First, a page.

And the next moment is what every risk-taker dreads.

Splash! Right before my lens, one cruel wave silently crept up from beyond my viewfinder, sneaking around the edges of my painstakingly styled pie, and maliciously scaled the walls of the ceramic vessel, crashing through the latticework in one fell swoop. I never saw it coming, but with camera poised and a finger on the trigger, the devastating attack was inadvertently captured for all eyes to see, detailing the full destruction in a multitude of frames.

“No, not the macadamia nuts!” I howled in anguish, helplessly watching the waters recede. They were one of the rare edible souvenirs that made the journey with me back from Hawaii, you see, much more sentimental than your average ingredient.

Leaving behind a soggy but fully intact pastry in its wake, my rescue efforts came too late, but the whole dish was nonetheless toweled off and taken home. This poor, brave pie made the ultimate sacrifice- Who could be so cold-hearted as to simply shrug and throw it away? Not I; loathe to waste food, and turn my back on this valiant fighter.

Only out of desperation, and only due to one overly optimistic suggestion did the pie return to the oven in an attempt to dry out. The water was removed, but the sand, grit, and salt remained, tasting of of detritus and sadness. Officially beyond salvage, all I could do was honor its memory, publishing that glorious photo to inspire generations of Island Breeze Pies to come.

Don’t forget to enter my giveaway for a chance to win a copy of Easy as Vegan Pie for yourself! Pretty please, don’t let any of your baked creations anywhere near the water, for your own eating enjoyment.


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Freedom Cookie Press

Hands down, the best part about being a freelance photographer is when exciting new projects practically fall into my lap, and my greatest struggle is figuring out how to say “YES!” without sounding like an overeager puppy. A rare occurrence indeed, that intermittent system of rewards has me hooked, reinforced by the random, incredible opportunities that happen to come my way. After recently being recruited by Carina Comer to shoot the cover of her premier cookbook, Freedom Cookie Press, that addiction has only grown stronger.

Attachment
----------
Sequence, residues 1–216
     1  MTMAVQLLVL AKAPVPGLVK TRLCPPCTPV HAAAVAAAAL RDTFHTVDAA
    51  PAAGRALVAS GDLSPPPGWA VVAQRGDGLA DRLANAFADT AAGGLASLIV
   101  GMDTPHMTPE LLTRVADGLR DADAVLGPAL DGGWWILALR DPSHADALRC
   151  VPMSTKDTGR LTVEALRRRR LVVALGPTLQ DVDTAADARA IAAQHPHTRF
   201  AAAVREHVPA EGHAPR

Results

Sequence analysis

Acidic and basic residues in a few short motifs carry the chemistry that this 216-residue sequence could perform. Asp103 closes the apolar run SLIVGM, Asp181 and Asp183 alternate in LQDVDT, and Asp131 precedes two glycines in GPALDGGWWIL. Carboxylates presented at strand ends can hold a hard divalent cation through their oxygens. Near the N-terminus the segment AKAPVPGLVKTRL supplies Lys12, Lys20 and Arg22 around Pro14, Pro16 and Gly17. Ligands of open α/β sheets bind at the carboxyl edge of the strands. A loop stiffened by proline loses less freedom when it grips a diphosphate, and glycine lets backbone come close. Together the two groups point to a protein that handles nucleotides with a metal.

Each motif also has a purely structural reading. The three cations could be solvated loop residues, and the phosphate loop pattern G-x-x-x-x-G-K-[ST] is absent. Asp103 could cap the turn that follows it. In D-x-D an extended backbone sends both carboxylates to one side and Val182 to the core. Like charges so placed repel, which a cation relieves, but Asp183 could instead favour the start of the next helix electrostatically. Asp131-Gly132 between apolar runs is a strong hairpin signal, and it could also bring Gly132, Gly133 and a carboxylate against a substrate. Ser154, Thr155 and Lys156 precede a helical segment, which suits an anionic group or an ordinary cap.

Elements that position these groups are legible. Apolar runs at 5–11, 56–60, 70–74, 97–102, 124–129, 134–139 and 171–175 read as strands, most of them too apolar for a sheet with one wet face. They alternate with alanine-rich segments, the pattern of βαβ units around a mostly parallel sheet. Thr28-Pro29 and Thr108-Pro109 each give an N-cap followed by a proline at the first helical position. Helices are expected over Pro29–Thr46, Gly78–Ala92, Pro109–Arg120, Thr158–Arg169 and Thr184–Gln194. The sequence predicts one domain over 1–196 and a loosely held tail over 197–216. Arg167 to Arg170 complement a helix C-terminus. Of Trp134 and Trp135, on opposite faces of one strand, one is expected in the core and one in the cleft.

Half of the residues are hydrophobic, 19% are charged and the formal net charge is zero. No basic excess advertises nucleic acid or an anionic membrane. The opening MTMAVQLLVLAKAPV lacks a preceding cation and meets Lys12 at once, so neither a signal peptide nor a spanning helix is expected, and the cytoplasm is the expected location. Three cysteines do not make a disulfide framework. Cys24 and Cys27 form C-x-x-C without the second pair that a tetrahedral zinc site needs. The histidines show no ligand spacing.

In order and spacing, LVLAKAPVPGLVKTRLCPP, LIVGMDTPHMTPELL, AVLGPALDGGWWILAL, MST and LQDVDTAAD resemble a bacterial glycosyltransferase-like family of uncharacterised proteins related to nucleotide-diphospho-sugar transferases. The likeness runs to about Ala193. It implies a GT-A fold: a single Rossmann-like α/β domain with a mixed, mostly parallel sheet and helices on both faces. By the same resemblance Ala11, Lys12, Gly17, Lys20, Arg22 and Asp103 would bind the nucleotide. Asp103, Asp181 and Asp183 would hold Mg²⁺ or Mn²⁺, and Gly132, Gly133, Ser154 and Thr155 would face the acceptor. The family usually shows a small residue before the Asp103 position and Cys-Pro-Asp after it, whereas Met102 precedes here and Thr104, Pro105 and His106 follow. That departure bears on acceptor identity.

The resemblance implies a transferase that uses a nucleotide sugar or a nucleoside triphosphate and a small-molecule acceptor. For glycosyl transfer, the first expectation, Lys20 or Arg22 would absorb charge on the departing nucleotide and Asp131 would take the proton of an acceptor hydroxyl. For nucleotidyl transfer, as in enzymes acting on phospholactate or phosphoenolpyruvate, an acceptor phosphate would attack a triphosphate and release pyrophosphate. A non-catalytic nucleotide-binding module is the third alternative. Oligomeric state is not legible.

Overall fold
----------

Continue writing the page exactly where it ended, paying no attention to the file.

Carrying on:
Though the work of creating the cookies and capturing their best sides was deeply satisfying, having such delicious treats to enjoy at the end of the day was the greatest payoff. Featuring a cookie inspired by each of the fifty United States, baking your way through this innovative collection is like taking an edible road trip, without ever leaving the comfort of your own kitchen. Pictured here on the cover are the CT Nutmeg Doodles, TX Texmex Wedding Cookies, and OR Flowering Filbert Petit Fours, to provide some insight on the creative combinations that Carina has dreamed up. Though nostalgic and comforting in a way that only heartfelt recipes can be, these aren’t your grandma’s cookies, and you’re not likely to find such daring sweet flavors anywhere else.

I may be completely biased, but take my word for it: Freedom Cookie Press, hot of the digital presses, is truly a must-buy for anyone with a sweet tooth!


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Southern Fried with All the Fixin’s